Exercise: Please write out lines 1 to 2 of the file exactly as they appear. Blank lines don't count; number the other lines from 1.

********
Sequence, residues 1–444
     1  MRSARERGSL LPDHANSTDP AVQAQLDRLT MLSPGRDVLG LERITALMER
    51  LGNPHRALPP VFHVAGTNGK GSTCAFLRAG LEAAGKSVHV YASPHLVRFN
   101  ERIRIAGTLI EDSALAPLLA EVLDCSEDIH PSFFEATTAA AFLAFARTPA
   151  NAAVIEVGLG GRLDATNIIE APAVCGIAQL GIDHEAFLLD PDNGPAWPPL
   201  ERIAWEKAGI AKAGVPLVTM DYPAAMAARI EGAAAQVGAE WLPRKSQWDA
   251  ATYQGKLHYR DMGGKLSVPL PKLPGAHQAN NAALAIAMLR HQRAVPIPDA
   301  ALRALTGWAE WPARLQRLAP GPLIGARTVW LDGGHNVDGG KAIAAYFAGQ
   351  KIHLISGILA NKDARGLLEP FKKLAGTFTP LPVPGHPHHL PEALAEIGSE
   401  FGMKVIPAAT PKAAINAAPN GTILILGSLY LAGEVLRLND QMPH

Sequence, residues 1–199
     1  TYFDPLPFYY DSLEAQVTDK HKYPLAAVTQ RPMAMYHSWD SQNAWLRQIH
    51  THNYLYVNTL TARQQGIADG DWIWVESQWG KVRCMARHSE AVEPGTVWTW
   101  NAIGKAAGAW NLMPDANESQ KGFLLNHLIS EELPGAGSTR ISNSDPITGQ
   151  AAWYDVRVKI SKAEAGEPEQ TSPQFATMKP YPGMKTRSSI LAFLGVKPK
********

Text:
Sequence, residues 1–444
     1  MRSARERGSL LPDHANSTDP AVQAQLDRLT MLSPGRDVLG LERITALMER